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Pumping Septic tank - Questions

Post in 'DIY and General non-hearth advice' started by bsa0021, Jun 8, 2010.

  1. bsa0021

    bsa0021 Feeling the Heat

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    I want to get my tanks pumped and I want to make sure I get someone that does the job correctly. Is there anything I should ask when I call someone or is pumping pretty striaght forward. Do they rinse out the tanks and do I supply the water from my well or should they bring in water? Thanks! I have not had any trouble w/my system but should I have a effluent filter installed at the time of pumping?

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  2. gzecc

    gzecc Minister of Fire

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    They just suck out the lower most solids from the tank. They shouldn't need your water. When its open they should inspect for the baffle condition.
  3. Retreadsme

    Retreadsme Member

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    If it's done properly they will get practically all sludge out, but to do so will require using some of your water most likely. If they do a "sloppy" job, they'll leave about a foot of sludge and say that's to help the bacteria to start. I've never seen a "honey wagon" bring fresh water. If your field lines are not having problems I don't see why an effluent filter would be required. The main thing is to pump the tank routinely (every 2 - 5 yrs depending on size of tank and number of folks in the house).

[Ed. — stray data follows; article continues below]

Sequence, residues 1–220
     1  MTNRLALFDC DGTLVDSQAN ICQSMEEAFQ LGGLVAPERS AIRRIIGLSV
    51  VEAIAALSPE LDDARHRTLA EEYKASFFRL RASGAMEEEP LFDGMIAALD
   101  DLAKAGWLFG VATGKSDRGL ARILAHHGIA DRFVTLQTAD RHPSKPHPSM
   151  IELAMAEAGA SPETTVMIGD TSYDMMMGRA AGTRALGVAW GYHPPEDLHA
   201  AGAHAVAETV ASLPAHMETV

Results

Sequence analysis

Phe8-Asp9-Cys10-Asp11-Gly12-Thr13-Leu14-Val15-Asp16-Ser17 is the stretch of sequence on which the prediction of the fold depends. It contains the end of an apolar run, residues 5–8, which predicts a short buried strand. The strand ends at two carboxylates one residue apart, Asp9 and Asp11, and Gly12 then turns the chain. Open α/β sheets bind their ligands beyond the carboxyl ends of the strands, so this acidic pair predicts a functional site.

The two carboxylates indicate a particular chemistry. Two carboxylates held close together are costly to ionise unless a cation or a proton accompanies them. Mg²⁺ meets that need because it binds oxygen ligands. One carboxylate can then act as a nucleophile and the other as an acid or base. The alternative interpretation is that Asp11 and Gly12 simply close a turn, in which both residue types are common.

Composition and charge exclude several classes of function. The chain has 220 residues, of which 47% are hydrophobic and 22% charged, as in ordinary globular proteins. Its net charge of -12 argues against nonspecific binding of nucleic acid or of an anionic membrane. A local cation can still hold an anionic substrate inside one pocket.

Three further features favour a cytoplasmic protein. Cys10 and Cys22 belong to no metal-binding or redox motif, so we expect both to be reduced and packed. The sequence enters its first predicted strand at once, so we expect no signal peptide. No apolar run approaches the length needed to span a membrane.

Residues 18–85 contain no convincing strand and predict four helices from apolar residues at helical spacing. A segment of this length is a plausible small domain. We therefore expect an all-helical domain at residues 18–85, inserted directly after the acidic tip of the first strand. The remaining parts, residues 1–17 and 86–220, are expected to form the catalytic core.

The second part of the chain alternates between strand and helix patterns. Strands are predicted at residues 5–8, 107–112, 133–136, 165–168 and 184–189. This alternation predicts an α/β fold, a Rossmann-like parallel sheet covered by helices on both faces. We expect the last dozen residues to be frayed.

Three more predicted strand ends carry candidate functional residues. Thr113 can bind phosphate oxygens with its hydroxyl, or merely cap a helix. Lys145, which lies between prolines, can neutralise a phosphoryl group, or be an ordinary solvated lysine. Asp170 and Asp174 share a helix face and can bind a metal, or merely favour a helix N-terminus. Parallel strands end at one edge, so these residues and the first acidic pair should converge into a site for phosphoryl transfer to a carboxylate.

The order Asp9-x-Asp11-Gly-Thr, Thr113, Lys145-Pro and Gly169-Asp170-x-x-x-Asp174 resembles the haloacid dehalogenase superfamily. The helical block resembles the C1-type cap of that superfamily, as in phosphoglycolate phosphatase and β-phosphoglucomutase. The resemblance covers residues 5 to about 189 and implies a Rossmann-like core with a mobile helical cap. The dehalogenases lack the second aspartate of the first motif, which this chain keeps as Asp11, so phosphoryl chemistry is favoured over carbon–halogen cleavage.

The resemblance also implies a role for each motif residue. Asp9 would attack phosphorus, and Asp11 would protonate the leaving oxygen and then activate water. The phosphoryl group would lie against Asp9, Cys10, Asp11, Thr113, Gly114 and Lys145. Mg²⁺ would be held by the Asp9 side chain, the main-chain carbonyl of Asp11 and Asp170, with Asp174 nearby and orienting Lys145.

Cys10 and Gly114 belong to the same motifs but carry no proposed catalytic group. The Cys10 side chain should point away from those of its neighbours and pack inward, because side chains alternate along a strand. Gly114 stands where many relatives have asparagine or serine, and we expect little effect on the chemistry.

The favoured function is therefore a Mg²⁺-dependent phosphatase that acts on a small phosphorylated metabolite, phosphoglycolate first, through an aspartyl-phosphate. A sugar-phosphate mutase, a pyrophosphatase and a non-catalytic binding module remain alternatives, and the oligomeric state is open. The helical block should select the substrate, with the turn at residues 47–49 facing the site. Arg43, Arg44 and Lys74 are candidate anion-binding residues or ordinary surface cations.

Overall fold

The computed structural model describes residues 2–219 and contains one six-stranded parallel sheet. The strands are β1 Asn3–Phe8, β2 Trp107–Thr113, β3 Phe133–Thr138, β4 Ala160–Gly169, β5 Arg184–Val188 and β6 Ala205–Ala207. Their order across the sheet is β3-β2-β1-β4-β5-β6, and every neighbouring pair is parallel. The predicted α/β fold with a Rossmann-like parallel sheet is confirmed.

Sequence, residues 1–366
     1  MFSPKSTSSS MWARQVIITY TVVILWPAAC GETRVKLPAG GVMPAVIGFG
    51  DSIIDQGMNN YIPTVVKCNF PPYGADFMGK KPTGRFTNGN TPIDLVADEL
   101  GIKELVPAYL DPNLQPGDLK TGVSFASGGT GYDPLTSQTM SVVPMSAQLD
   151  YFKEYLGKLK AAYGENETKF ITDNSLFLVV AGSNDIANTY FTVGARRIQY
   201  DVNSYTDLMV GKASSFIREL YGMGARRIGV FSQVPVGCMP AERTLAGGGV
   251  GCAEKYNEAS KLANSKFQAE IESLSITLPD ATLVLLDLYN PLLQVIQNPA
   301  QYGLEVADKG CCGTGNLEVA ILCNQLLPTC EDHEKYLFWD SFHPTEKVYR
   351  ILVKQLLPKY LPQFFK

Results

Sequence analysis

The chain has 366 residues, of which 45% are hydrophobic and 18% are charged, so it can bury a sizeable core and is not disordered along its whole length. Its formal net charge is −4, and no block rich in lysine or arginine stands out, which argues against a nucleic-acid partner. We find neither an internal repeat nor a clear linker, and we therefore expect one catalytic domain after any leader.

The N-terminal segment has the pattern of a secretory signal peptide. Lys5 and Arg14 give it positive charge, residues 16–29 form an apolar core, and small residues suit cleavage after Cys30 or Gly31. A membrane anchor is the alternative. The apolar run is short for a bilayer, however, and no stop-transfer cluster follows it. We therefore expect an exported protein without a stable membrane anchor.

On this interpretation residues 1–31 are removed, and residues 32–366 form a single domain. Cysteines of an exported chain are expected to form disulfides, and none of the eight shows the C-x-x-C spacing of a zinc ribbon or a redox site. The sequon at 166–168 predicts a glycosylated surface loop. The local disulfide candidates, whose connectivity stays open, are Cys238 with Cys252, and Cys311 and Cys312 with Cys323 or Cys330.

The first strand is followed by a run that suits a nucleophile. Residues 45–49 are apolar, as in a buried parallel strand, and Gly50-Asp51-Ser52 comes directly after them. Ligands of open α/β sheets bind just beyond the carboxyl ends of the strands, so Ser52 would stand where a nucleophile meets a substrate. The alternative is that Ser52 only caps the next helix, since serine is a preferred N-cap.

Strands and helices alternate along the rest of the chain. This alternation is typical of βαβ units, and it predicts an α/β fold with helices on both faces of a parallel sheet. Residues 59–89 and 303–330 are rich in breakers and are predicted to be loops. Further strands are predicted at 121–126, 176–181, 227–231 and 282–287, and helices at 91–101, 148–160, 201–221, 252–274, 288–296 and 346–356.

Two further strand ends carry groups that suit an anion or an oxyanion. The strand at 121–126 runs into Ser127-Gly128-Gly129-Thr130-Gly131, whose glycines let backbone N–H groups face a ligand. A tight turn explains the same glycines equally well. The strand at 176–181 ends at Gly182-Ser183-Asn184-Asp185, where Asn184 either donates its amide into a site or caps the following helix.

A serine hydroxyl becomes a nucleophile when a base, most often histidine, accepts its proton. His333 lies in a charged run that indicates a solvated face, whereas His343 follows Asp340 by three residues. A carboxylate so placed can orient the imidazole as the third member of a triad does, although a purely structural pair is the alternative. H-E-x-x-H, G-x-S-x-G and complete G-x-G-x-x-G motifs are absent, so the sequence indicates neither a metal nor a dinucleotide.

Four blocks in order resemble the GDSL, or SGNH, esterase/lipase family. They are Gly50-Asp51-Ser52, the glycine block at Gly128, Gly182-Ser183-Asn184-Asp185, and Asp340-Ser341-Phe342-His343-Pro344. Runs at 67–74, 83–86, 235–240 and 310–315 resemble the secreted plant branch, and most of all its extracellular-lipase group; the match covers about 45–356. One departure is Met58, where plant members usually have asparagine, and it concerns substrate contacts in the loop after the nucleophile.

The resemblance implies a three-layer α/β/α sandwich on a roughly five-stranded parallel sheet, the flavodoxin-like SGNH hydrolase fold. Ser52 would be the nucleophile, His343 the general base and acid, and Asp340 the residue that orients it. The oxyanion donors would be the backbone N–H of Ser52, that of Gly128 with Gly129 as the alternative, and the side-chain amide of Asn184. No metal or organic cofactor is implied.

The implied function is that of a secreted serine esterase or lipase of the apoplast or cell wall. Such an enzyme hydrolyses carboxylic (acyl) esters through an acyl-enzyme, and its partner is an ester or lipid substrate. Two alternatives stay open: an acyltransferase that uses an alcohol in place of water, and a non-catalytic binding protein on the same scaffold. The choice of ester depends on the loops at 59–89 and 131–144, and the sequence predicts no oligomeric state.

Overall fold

4. peakbagger

    peakbagger Minister of Fire

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    Generally they will pump down the tank a portion of the way and then use a gas powered long shaft mixer to break up the settled solids in the bottom of the tank before pumping it out entirely. Most of the them inspect the baffles with a mirror. They usually can determine if the tank was overflowed which usually means that solids may have entered the field. If they see this, they may want to locate the distribution box out in the field and inspect it for solids carryover.

    By the way, if you dont know where the tank cover is, find it in advance as many firms will charge to locate it if it takes more than few minutes.
  5. jebatty

    jebatty Minister of Fire

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    Contact your local environmental services office, as it likely has info or a brochure on proper pumping. Another procedure used is mostly pump out the tank, and then pump at high velocity effluent from the truck to break up any sludge on the bottom, and then completely pump out the tank. There is no need to leave anything in the tank. The bottom and sides are bacteria rich, as is the p**p you flush into the tank. If you are present, you will have the opportunity to look into the tank when the cover is removed and verify that the pumper did her job. Other than discoloration, you should be able to see the sides and bottom of the tank
  6. Retreadsme

    Retreadsme Member

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    Just wanted to mention that around here (NW TN), if the owner provides access to the lids the pumper guys take off $100 and charge $200 for tank cleanout, but if they have to break out the shovel to open the lids then the cost is $300. Somewhat of an encouragement to do my own digging.
  7. billb3

    billb3 Minister of Fire